16 '90s: Pontiac Sunfire

via Wikipedia

A name like Sunfire doesn’t really inspire that much confidence and in fact, the looks of the thing don’t inspire anything either. And thus, the Sunfire was a bit of a failure. A replacement for the similarly named Sunbird, it saw no updates despite a decade-plus presence on the market. Uncomfortable seats, a poor shifter and gearbox, and a terrible lack of quality from the building materials used meant the Sunfire really did suffer quite badly. It could have been something quite special but Pontiac really put in a minimal amount of effort with this creation. It's a shame to see all that promise going unfulfilled.

15 '90s: Chevrolet Lumina

via Wikipedia

We have already looked at the rather awful Lumina APV but there was a sedan version of this car, too. This car was supposed to have perfect reliability and safety and thus become the perfect family car. Unfortunately, that couldn’t be further from the truth. It had a poor engine that produced pitiful amounts of power and instantly let the car down in the reliability stakes. Safety wasn’t bad but it wasn’t quite to the standards that families across the United States had hoped to receive from the car. Thus, it became unpopular quite quickly and it was certainly a car that no one had fond memories of.

14 '90s: GEO Metro

via Car and Driver

The GEO Metro is certainly one of the most bizarre-looking (and sounding) cars on this list—and you’d be correct in thinking that. It was, effectively, a rebadged Suzuki Cultus and was sold as the Chevy Metro from 1998 to 2001. And as you might expect from its looks, it was a total flop and incredibly lackluster. Super thin plastic trims really didn’t do it any favors and a pitiful rating of 55 horsepower was ridiculous if you actually wanted to get anywhere. It was, literally, miserable to drive and just a massive embarrassment for the whole GM brand. Why they thought it was a good idea in the first place, well, who knows?

13 '90s: Chevrolet Matiz

via AutoScout24

We've come to, quite possibly, the worst car on this list and have to question the sanity behind the company when they created this awful car. Also branded as the Daewoo, the Matiz was a pitiful little car with a tiny engine that produced almost as little power as the Metro’s engine and with looks that didn’t exactly scream, "I am very safe to drive!" Problems with its build and power persisted throughout the rest of its production run and not many people were sad when it vanished. More modern versions of the Matiz haven’t exactly set the world on fire, either.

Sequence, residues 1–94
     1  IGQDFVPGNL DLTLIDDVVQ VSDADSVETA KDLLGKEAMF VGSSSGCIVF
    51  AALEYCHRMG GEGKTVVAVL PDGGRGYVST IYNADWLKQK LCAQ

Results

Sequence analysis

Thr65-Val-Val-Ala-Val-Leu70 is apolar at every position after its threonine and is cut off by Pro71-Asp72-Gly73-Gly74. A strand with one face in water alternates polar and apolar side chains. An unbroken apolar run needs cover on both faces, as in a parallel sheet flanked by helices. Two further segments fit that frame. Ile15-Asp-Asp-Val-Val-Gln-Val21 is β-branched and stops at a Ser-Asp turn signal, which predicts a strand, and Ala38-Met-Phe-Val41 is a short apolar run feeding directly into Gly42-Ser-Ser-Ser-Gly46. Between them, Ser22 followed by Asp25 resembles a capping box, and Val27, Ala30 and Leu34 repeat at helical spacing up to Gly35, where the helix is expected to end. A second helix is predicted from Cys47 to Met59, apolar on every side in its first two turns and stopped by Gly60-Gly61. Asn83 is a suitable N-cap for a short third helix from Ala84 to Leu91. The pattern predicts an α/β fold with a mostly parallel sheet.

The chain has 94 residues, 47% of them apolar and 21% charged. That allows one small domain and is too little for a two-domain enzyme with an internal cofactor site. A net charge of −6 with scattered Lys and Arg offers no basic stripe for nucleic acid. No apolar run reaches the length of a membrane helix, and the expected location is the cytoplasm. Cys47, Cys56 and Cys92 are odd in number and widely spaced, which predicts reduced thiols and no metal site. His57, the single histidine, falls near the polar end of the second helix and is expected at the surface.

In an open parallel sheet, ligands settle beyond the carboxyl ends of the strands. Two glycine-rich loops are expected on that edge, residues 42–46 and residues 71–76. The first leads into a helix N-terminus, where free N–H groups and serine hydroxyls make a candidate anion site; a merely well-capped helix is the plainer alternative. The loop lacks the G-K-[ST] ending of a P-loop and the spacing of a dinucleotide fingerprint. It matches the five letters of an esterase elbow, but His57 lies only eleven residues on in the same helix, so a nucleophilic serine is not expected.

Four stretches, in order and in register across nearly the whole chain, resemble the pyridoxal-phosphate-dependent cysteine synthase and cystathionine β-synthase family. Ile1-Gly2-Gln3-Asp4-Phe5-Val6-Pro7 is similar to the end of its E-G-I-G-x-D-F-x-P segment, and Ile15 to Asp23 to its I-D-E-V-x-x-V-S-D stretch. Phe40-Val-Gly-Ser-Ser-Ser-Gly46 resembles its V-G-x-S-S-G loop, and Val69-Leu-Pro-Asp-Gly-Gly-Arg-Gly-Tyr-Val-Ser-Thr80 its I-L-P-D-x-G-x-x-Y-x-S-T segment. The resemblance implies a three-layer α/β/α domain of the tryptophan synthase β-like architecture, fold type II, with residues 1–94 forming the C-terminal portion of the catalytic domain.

12 '80s: Chevrolet Citation

via Wikipedia

The Chevrolet Citation was one of those cars conceived with the very best of intentions and indeed, Chevrolet hoped it would become an affordable, four-door car for the masses. However, as with many GM cars at the time, the Citation suffered from numerous issues. The worst of those call came from the engine, which failed rapidly and contributed to the car having a very short life cycle. Safety was also a big problem and an even bigger problem given that that Citation was marketed by Chevrolet as a family car. Thus, it suffered from a poor reputation that it still holds today.

11 '80s: Buick Skylark

via Barn Finds

The Skylark is a car that has suffered from a classic case of over-hype. It was hyped up to be a fantastic vehicle but has ended up being one of the most disappointing cars of the late 20th century. Its cool looks didn’t save it either. Reliability was poor and the biggest issue was build quality, as it suffered badly from corrosion and paint chopping. The intentions for a good car were clearly there, and the Skylark certainly offered a huge amount of promise. But for whatever reason, Buick just couldn’t deliver and the Skylark became a great big white elephant.

10 '80s: Pontiac Phoenix

via Best Car Mag

The Phoenix is another example of a family vehicle that fell short of the expectations placed on it. Expectations were quite high, as they were with that of the Skylark, but it suffered from bad design and poor build quality—so poor, in fact, that it was considered a dangerous trap to anybody that was to set foot in one! The Phoenix has remained one of the most unloved GM products to this day, and a car that the company would like to forget in a bit of a hurry. It’s a sad tale for another car that promised a lot but delivered on so little of that promise.

9 '80s: Chevrolet Chevette

via Hemmings

The Chevette is a car I have covered more than once, and on each occasion, unfortunately, it gets worse for the Chevette. The fact that it has made several car lists of this type is purely down to just how bad a car the Chevette actually was. It was put into full production way too soon, with not enough development time devoted to a car that ultimately had a myriad of problems and shortcomings. Engine and transmission problems plagued each and every model, and it was disliked by almost all of those that drove one or even rode in one. It is actually quite hard to find one of these that is still in great condition.